via The Soap Box
The anti-vaccination movement is a large group of like minded people whom believe that vaccines cause autism (along with some other stuff, but mostly autism). While there are a lot of things I’ve noticed about this movement, I’ve managed to narrow it down to five.
So here are five things I’ve noticed about the anti-vaccination movement:
5. There’s no need for it to exist.
If you are part of the anti-vaccination movement, then you are in a movement that does not need to exist, and in fact shouldn’t exist.
Every claim made about vaccines being harmful and causing debilitating neurological conditions (most commonly autism) has been proven to be false, and vaccines have been proven to be not only the cheapest method of disease control and prevention, but also the best, and the safest.
Complications from vaccines are rare (around maybe 1 and 1000) and mostly minor. Serious complications are extremely rare (around 1 to 2 per million), and deaths are even rarer than that.
4. It’s biggest supporters are a bunch of cranks.
The biggest supporters (and leaders) of the anti-vaccination are not only people who should not be giving out medical advice, most of them aren’t even doctors (and the ones that are tend to have some questionable credentials).
Andrew Wakefield, the ex-doctor whom’s 1998 research paper that was published in the Lancet that claimed to show a connection between vaccines and autism, was stuck off of the British General Medical Council register (the British equivalent of having your medical license revoked) after the Lancet retracted his paper after it was proven his research was based off of fraud. He still claims his research was not fraudulent, and that there was a conspiracy against him to destroy his research (despite the fact that it took over ten years from the time his paper was published for his paper to be retracted, and for the GMC to strike off his name).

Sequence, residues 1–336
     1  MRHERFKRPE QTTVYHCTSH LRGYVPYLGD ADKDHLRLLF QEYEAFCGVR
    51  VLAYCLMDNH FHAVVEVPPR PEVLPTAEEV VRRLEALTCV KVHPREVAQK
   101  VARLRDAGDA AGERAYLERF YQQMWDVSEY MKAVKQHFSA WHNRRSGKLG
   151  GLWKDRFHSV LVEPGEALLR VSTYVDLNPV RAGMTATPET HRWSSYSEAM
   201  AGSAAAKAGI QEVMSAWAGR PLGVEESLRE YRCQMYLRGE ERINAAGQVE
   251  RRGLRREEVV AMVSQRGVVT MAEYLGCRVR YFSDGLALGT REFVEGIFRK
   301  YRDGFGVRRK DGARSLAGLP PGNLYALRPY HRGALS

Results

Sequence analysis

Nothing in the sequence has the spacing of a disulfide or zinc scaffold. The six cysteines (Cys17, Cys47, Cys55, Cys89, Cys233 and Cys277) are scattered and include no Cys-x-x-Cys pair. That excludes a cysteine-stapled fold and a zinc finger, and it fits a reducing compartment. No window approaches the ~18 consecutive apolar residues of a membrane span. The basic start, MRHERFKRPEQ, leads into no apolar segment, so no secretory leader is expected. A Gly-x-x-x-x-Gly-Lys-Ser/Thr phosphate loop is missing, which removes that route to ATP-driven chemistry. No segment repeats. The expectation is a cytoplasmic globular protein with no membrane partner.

Then there is Alex Jones, who thinks that vaccines are being used to create genetically modified people and causes diseases, not prevent them.
3. The movement is based off of lies.
The whole bases for the anti-vaccine movement is based off of the proven fraudulent 1998 research paper by Andrew Wakefield that claims there is a connection between the MMR vaccines and austim. The paper was highly controversial even when it came out, and the claims made in it had been dis-proven years before it was formally retracted for fraud.
Other lies made by the movement are that vaccines have been made more dangerous over the years (in fact they have been made safer) and that and the rates of autism in children who are un-vaccinated is far lower then those that have been vaccinated, which is false. In fact the rates are the same.
Here is an infographic that shows the rate of incidence of a disease appearing with and without a vaccine. Here is the source of the data.
- Celebrities Endorsing Stupid Things: (like) The Anti-Vaccination Movement (illuminutti.com)
- The vaccine debate (duckduckgrayduck.com)
- Vaccines and Jenny McCarthy: the Oprah mea culpa interview doctors want to see (drjengunter.wordpress.com)
- Anti-vaccination campaigns is a major threat to WHO hopes to eradicate measles (doubtfulnews.com)
- Grieving parents speak out against anti-vaccination extremists (richarddawkins.net)
- Measles in the UK (randi.org)
- The anti-vaccination fraud: Health officials forced to get tough as once-dormant diseases returning (news.nationalpost.com)
- JENNY MCCARTHY, MASS MURDERER: Grieving parents speak out against anti-vaccination extremists. A… (pjmedia.com)